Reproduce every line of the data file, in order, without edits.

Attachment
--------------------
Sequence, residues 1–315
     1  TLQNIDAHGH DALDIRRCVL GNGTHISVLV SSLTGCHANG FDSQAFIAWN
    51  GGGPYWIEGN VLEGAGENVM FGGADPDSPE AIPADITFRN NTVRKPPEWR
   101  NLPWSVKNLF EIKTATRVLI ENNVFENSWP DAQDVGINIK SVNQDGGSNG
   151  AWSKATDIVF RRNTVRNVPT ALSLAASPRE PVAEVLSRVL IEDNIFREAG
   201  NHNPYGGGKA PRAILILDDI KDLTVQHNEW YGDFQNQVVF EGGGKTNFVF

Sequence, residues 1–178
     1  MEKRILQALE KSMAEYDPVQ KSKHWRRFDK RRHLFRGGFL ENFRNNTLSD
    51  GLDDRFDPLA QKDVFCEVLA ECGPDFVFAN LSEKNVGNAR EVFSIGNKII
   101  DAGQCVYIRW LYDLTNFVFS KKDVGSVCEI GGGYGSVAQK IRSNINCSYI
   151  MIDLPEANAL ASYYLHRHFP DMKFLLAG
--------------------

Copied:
Sequence, residues 1–315
     1  TLQNIDAHGH DALDIRRCVL GNGTHISVLV SSLTGCHANG FDSQAFIAWN
    51  GGGPYWIEGN VLEGAGENVM FGGADPDSPE AIPADITFRN NTVRKPPEWR
   101  NLPWSVKNLF EIKTATRVLI ENNVFENSWP DAQDVGINIK SVNQDGGSNG
   151  AWSKATDIVF RRNTVRNVPT ALSLAASPRE PVAEVLSRVL IEDNIFREAG
   201  NHNPYGGGKA PRAILILDDI KDLTVQHNEW YGDFQNQVVF EGGGKTNFVF

Sequence, residues 1–178
     1  MEKRILQALE KSMAEYDPVQ KSKHWRRFDK RRHLFRGGFL ENFRNNTLSD
    51  GLDDRFDPLA QKDVFCEVLA ECGPDFVFAN LSEKNVGNAR EVFSIGNKII
   101  DAGQCVYIRW LYDLTNFVFS KKDVGSVCEI GGGYGSVAQK IRSNINCSYI
   151  MIDLPEANAL ASYYLHRHFP DMKFLLAG